What we are finally left with is something else. What we snared from the feasting and communing will help define the tone of the coming weeks. The light is fanned and fed or allowed to fade. Perhaps even the angels breathe quietly and wait and watch.

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There are few days between this old year and the new one we try to envision. As they pass, my home will be emptied of the once-gallant tree. Trimmings will be hauled to the basement. My children will have again departed. I will have more work to do, projects to consider, worries to corral as will we all. And yet I will sit in the middle of each new day and night, and I will surrender to them, and to this, an essential solitude. There is reassurance in this. In the end, when all the trappings are gone, I have my own self within these moments. And even though I keep intimate company with a failed will, flaws and errors, I am still at home with the truth of who I am. And with God, in the most pedestrian ways. What I make of things remains up to me as I sort through odds and ends.

Let this year, this time pass, and come what may, let the living continue with expectant gratitude, a savory dash of merriment. Let us be captivated, made more present. Alive.

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Making a List and Keeping it Right

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I start to feel almost domestic around the holidays. This is no small thing, as my talents and interests do not include a burning desire to cook or decorate, sew or craft. But I experience a longing to do so at this time, and I find simple ways to compensate. This year, since I am not currently working, I got into the holiday mood before we even consumed platters of turkey, mounds of vegetables, and four delicious pies. It wasn’t about the preparation and sharing of great food; Marc, my spouse, does the bulk of that. I happily weigh in while he plans: perhaps yams instead of sweet potatoes without gooey marshmallows, stuffing without chestnuts this year, and every pie possible–that sort of thing. My usual contributions are getting the drinks and slicing the sausages and cheeses, getting them all nicely arranged with water and wheat and rice crackers on my special glass platter, the one with the graceful swans gliding on water. I also look forward to setting out the blue, rose, and clear glass candy dishes, the best ones my mother gave me. Mixed nuts, chocolates and peppermints fill them and I think of her, and how her table looked: elegant and welcoming.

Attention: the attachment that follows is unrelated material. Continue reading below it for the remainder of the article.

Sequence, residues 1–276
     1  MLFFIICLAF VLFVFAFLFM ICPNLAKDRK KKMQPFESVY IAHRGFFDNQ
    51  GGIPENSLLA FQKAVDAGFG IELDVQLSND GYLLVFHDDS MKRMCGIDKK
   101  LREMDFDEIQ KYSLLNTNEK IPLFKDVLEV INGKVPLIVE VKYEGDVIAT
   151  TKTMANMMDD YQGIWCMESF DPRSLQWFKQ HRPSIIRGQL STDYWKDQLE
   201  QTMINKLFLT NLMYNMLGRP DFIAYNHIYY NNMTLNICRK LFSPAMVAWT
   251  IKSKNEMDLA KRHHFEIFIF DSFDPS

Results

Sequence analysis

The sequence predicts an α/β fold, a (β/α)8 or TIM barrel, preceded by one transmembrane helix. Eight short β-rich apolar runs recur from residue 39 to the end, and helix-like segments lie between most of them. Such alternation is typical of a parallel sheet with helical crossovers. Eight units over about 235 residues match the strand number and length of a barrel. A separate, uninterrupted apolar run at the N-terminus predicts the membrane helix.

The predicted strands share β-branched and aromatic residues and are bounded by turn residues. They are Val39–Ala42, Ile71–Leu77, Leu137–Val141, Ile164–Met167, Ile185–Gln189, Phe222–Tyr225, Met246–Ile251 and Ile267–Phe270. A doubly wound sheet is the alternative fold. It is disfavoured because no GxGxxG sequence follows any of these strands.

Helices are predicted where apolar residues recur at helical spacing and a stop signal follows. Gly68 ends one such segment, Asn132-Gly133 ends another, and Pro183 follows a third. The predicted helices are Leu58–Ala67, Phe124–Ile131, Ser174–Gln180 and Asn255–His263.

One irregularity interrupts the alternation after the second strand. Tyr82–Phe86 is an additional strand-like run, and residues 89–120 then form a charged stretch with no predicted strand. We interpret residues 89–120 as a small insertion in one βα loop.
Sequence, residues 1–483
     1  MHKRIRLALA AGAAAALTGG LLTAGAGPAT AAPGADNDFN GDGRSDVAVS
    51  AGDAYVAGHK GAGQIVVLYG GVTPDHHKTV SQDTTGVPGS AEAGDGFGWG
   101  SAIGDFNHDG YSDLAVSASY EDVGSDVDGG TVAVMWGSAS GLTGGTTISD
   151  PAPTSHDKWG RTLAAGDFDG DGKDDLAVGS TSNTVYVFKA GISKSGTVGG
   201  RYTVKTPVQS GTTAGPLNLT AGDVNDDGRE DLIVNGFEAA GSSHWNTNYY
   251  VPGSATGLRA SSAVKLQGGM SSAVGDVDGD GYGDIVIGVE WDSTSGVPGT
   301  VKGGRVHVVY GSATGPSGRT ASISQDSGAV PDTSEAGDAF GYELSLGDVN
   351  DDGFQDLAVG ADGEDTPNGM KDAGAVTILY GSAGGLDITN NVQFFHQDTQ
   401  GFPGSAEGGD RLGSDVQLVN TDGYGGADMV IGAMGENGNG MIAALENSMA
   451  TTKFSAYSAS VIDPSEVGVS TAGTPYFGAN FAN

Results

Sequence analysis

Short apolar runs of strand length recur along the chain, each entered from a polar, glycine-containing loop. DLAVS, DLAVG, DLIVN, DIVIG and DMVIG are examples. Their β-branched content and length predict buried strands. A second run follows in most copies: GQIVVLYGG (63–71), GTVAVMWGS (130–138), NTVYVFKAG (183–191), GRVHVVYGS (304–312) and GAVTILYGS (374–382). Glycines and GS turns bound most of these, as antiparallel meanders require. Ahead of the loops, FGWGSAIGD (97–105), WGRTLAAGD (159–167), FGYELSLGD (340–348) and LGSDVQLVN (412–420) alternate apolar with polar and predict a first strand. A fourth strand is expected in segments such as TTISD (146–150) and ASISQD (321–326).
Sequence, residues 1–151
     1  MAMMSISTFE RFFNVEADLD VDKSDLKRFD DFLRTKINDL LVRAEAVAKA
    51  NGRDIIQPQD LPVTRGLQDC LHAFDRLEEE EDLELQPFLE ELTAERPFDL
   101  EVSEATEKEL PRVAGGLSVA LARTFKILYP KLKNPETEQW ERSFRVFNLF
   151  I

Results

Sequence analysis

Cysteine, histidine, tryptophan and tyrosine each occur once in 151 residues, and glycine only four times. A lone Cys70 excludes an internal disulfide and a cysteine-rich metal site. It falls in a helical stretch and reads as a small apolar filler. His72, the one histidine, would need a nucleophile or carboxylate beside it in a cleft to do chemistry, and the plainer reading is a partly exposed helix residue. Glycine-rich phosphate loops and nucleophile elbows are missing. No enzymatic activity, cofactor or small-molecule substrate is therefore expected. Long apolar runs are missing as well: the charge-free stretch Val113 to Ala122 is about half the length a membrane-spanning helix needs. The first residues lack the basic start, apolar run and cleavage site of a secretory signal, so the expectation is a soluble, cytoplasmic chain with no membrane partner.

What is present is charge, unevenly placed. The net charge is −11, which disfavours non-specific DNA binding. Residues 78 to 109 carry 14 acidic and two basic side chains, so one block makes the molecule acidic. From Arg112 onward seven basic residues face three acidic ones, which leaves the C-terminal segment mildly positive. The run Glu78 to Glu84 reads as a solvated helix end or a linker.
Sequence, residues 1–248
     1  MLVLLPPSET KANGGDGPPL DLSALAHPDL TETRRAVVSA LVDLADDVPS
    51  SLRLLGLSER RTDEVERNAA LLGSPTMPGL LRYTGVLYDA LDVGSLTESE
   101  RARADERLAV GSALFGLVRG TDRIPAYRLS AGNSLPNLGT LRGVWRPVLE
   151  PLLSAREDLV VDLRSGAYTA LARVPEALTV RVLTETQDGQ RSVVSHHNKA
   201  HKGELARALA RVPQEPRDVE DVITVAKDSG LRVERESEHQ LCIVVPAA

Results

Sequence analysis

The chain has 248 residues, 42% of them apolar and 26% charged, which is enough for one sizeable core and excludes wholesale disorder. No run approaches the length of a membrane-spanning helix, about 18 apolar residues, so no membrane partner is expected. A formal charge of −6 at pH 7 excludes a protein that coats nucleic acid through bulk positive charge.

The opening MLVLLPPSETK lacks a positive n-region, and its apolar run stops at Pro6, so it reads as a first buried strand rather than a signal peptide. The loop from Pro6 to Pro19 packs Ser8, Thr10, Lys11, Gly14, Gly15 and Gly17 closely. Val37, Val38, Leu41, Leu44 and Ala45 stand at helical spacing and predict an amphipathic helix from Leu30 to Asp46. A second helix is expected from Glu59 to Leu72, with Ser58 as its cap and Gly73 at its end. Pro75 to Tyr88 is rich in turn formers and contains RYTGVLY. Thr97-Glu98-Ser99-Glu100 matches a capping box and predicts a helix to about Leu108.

I start envisioning how my table will be when everything is arranged on holiday tablecloths–usually a yellow for Thanksgiving and a red for Christmas. I look for the best deal on brilliant fall bouquets and spend a long while arranging the flowers and green sprigs in tall vases. I buy softly scented pine or cinnamon-spice candles for odd spots in the apartment, and plain tapers for the dining room table. Generally a fragrant green something adorns the front door. People shall feel cheerful entering this domain.

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After Thanksgiving the adult children choose names for gift-giving. That rings the start bell for me. I begin to scan the online shopping sites or the neighborhood stores and wait for whatever calls to me. I ask for their short lists even now, in the hope of finding something they really would enjoy or need. But the truth is, I always think of many things I want to give them. They have varied interests: skateboarding and snowboarding, art and music, fashion, food, reading everything from anthropology to religion to the natural world, all genres of fiction, poetry, and so on and on. I am cautioned by my husband to not get too enthralled, but it is hard to resist the tantalizing call of all the wonderful things–not generally expensive–I want to share with them. They are my children, after all. Then there are my grandchildren, who need surprises. Marc reminds me we have twelve to buy for at the least, often more. And I am not working this year. I get that. But I have ways to manage on any budget.

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Next I study the events that are happening about Portland. There is the ScanFair which we enjoy despite not being Scandinavian and the Grotto’s glorious Festival of Lights which is a tradition for the whole family even in the rain (an alomost sure thing). The Pittock Mansion displays all her grande dame finery. The Zoo Lights are an awesome experience for children of all ages and Peacock Lane is a whole brightly lit block of fun for the younger ones.

And the music that surrounds the holidays! We will start with a Trinity Christmas Concert, Bach for the Holidays. Follow it up with the Advent Procession of Lessons and Carols later in the month. There is The Nutcracker which we have seen a few times; I remain enchanted. There is a Singing Christmas Tree which has not yet been experienced. The symphony always has a rousing program or two. This list will grow, as music is an embodiment of what I most appreciate about this time of year.

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I am making my list as I write, but wondering how we will find the time to enjoy it all,  how we will get together all the kids and their kids, too. The unadorned truth is, we won’t. Three children live near us, and two do not. Four grandchildren live here, but one does not.